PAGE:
The plight of the euro continues to dominate the financial headlines – and the situation for the single currency doesn’t look like getting better any time soon.
With European leaders now anxiously making efforts to keep the currency afloat it may be worth planning ahead for a potential worst-case scenario which could cause problems for everyone – with public sector wages likely to be threatened; while savings values could fall; and mortgage rates could increase.
What happens if the euro collapses?
One possibility if the euro were to collapse would be the reintroduction of the Irish punt – but with time needed to get enough currency into the system there could be stock market turmoil. With ATMs needing to be restocked; cash tills recalibrated; and all banking systems, payroll and transaction systems undergoing similar transformations; there could be significant problems, although Ireland would not default because of a four-year deal it has with the International Monetary Fund, the European Union and the European Central Bank to provide funding for the state.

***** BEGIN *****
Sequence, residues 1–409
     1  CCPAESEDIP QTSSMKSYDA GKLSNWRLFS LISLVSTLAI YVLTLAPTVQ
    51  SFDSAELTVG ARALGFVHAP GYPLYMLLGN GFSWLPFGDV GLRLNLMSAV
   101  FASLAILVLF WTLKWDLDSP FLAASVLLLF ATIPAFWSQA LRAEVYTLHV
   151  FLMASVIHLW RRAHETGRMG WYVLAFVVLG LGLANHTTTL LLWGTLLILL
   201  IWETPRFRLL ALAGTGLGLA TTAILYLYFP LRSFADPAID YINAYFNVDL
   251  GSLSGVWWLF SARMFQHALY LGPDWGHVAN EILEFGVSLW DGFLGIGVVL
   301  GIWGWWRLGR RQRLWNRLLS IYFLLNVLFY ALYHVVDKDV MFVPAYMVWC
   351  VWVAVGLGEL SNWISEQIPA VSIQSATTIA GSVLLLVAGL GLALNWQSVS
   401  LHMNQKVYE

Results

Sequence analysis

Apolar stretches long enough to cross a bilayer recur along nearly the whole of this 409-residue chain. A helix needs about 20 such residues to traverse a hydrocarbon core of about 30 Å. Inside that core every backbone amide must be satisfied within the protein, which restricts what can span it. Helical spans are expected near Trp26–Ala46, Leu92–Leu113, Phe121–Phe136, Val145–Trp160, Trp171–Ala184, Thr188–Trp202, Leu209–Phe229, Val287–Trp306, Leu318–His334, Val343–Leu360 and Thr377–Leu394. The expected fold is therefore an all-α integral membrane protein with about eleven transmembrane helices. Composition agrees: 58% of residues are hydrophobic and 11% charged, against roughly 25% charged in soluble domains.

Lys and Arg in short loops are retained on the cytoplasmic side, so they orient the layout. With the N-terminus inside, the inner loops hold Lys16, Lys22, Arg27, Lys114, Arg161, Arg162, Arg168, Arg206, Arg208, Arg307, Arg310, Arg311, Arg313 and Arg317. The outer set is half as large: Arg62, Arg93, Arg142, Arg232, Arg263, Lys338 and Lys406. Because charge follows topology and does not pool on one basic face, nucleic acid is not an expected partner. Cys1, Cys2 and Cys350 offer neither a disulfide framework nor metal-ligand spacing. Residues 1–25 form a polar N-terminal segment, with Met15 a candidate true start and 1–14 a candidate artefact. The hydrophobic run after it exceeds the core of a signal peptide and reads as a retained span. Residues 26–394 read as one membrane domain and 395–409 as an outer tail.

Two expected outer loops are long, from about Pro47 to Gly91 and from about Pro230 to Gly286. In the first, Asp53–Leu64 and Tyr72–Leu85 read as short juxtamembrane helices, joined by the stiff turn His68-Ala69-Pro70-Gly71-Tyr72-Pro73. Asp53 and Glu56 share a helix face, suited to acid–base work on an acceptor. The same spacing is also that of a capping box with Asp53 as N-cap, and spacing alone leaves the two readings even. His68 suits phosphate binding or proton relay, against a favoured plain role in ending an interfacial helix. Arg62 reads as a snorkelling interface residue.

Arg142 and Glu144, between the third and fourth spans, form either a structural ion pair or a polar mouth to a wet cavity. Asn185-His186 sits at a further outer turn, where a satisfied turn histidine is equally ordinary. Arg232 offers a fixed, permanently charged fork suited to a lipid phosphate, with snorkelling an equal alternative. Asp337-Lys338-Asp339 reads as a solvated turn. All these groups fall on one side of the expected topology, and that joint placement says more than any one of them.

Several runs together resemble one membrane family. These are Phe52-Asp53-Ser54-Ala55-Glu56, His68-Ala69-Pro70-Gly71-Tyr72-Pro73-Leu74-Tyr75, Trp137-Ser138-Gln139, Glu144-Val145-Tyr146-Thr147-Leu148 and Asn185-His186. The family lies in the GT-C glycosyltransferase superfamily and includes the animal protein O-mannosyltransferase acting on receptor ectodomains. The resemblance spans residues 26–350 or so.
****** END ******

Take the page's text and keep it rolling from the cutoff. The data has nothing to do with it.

For individuals with savings, the Government has recently renewed its €100,000 bank guarantee – but money in savings account would likely be transferred into the Irish punt at whatever the exchange rate may be. It’s difficult to judge how the banks would handle mortgages too, with house prices likely to be re-valued in punts even though consumers could still be obliged to repay their original euro loan. House prices would also be likely to fall in the short term because of economic pressures.
In addition, consumers could be hit by a rise in prices of foreign imports if a new Irish currency were valued below the euro. While the cost of locally produced goods should remain the same, the likes of: foreign fruit and vegetables; wine; shoes; and clothing; may all increase in price. However, on the flip side, the Irish economy could be boosted by the fact that its goods should be cheaper to export.
How to prepare for the worst
There are very few actions that can be taken to prepare for a euro collapse – and indeed Ireland is not about to suddenly exit the euro. If the currency were to collapse it would more than likely be a Europe-wide problem affecting each nation.
The only action that consumers can take is to be as frugal as possible with their finances. Look for the best deals on financial products by using comparison websites – particularly when looking at interest rates on mortgages; and your rate of return on a savings account. Also try to save money wherever possible in case a euro collapse forces you to tighten your purse strings in the future – get into the habit of looking for the best deals on all basic items, including food and clothing, by shopping online and searching for voucher codes.